Georgia approves $598.5m NWC contract

The Northwest Corridor project, which began in 2001, moves closer to being realised following state transportation board approval of a design-build contract.

The Georgia Transportation Board has given final clearance for a $598.5 million contract for the design and construction of the Northwest Corridor (NWC) managed lanes mobility improvement project, which has encountered numerous delays since its concept development in 2001, the board said in a statement.

The work to be carried out by Northwest Express Roadbuilders (NWER), a joint venture of Atlanta-based Archer Western Contractors and Florida firm Hubbard Construction, will be financed through a combination of federal and state funds as well as funding from the consortium itself.

“The wide-ranging agreement […] also spells out various financial, construction and operational agreements between the Georgia Department of Transportation [GDOT], which will oversee design and building of the NWC, and the State Road and Tollway Authority (SRTA), which will operate the 30 miles of managed lanes,” the board said in its statement.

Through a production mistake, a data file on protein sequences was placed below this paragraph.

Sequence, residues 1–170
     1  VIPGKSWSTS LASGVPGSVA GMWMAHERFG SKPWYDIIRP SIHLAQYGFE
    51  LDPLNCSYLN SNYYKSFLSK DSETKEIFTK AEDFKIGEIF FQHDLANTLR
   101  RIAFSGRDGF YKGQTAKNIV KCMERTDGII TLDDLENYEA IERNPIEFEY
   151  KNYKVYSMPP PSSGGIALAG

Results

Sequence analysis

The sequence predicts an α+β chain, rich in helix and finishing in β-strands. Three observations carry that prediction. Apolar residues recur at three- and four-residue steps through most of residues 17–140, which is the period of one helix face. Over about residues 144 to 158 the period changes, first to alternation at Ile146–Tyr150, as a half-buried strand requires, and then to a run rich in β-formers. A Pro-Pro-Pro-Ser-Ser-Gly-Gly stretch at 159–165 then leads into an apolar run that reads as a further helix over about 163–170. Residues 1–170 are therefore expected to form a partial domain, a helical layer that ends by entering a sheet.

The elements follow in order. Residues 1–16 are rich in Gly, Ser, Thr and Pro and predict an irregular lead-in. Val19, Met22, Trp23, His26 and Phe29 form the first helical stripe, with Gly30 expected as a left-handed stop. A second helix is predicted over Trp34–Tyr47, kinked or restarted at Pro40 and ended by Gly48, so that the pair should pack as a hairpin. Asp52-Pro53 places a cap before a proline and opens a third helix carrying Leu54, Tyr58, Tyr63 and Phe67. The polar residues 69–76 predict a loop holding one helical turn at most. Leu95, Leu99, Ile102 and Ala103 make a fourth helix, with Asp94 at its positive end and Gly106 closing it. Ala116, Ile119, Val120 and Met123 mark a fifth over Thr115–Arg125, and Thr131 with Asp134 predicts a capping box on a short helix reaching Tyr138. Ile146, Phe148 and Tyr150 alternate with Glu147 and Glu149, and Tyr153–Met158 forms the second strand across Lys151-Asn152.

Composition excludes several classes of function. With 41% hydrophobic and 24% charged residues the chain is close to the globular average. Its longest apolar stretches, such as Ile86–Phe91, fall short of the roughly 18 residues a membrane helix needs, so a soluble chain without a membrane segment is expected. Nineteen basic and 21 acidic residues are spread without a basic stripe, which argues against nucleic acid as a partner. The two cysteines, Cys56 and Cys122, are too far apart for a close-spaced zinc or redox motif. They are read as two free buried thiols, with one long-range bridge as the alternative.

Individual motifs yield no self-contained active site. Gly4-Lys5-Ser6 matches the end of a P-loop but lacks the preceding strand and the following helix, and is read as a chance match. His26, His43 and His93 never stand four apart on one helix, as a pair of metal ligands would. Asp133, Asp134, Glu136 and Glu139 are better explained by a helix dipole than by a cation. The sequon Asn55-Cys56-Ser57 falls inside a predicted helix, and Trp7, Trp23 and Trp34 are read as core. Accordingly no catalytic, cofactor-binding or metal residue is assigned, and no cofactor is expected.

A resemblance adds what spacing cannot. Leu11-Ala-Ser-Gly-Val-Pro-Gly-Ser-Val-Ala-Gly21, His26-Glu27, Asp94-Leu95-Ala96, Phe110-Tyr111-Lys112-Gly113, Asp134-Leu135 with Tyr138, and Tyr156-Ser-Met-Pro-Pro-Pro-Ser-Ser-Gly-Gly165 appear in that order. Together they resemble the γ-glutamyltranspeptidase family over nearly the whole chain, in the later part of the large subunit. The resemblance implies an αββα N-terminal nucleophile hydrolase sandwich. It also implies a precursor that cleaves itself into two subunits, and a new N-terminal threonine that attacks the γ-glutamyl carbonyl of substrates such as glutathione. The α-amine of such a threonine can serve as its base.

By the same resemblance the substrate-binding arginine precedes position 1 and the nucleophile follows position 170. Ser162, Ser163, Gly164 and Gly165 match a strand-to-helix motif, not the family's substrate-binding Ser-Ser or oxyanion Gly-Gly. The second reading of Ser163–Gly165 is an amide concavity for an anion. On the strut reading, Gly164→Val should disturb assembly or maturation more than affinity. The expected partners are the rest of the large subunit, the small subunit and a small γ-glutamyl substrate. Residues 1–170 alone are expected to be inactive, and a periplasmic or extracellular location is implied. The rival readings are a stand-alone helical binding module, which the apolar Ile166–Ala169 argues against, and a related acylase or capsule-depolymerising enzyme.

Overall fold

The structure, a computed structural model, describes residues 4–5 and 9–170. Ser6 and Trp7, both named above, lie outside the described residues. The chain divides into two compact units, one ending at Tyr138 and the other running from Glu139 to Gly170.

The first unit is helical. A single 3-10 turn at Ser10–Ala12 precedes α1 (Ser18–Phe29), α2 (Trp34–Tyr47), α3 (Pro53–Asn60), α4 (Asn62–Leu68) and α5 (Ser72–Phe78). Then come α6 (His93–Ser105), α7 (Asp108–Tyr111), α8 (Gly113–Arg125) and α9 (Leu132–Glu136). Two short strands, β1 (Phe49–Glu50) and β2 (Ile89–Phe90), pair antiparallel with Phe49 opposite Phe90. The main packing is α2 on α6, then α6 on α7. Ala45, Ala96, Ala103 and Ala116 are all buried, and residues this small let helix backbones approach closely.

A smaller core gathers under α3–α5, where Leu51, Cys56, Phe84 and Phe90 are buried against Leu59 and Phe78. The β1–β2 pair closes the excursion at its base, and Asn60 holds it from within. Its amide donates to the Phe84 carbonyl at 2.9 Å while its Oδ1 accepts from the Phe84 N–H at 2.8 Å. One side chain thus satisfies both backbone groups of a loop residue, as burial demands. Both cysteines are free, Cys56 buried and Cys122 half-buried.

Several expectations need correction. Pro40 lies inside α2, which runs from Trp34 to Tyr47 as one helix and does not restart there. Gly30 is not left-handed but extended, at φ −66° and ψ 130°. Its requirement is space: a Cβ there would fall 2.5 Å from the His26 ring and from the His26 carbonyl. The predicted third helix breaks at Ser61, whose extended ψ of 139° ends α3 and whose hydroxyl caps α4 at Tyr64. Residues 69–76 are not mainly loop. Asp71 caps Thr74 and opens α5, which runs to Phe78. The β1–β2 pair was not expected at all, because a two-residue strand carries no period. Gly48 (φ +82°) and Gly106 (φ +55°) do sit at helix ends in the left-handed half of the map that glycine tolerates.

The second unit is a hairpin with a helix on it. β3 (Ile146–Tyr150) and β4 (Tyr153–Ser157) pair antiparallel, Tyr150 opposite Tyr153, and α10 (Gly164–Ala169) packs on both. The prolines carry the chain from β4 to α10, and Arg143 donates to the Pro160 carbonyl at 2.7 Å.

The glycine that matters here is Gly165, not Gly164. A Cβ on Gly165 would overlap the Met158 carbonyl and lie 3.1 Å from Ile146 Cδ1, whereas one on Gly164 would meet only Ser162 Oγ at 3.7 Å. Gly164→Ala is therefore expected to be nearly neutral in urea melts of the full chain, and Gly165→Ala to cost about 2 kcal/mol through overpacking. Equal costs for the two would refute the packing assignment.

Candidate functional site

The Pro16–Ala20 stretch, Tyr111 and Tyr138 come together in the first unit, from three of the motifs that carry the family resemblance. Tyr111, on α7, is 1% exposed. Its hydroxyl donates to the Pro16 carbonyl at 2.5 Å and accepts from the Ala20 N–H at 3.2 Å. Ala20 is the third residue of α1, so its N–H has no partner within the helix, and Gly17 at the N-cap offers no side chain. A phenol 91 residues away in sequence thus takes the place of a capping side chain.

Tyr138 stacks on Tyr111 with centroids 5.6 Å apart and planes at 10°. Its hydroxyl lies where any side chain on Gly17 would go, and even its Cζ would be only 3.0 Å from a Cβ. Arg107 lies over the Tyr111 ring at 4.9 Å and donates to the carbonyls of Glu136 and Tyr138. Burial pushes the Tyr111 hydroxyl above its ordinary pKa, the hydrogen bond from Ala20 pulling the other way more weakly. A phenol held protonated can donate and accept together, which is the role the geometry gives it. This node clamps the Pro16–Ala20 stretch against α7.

The project has a total estimated cost of $840 million, “making it by far the largest project in Georgia DOT history,” according to the statement.

NWC involves building two new lanes along the west side of Interstate 75 (I-75) between its interchanges with I-285 and I-575. The lanes will be separated from the existing highway and will be reversible, both carrying southbound traffic during the morning rush hour and northbound traffic in the evenings.

Another reversible lane will be added above the I-575 interchange and a similar new I-575 lane will be extended.

State officials expect the contract to be signed in November provided that the SRTA Board and the Georgia State Financing and Investment Commission also approve the agreement. If all approvals are granted, construction would begin next year and NWC would open to traffic in 2018.

“We’ve been working towards this moment for years,” STB chairman Jay Shaw said. “It is gratifying to finally be able to tell the hundreds of thousands of motorists who use this corridor that their patience has been appreciated and that better mobility choices are truly coming.”

The project is a combination of two projects initially undertaken separately by GDOT and the Georgia Regional Transportation Authority (GRTA).

The Draft Environmental Impact Statement (DEIS) was issued in May 2007. “Changes in the economic landscape since that time have led GDOT to conclude that the ambitious project originally envisioned is simply not financially feasible,” according to the NWC project website. “This reality has led to rethinking the requirements for the corridor while still addressing the basic needs for congestion relief and providing alternative modes of transportation with a significantly reduced footprint approach.”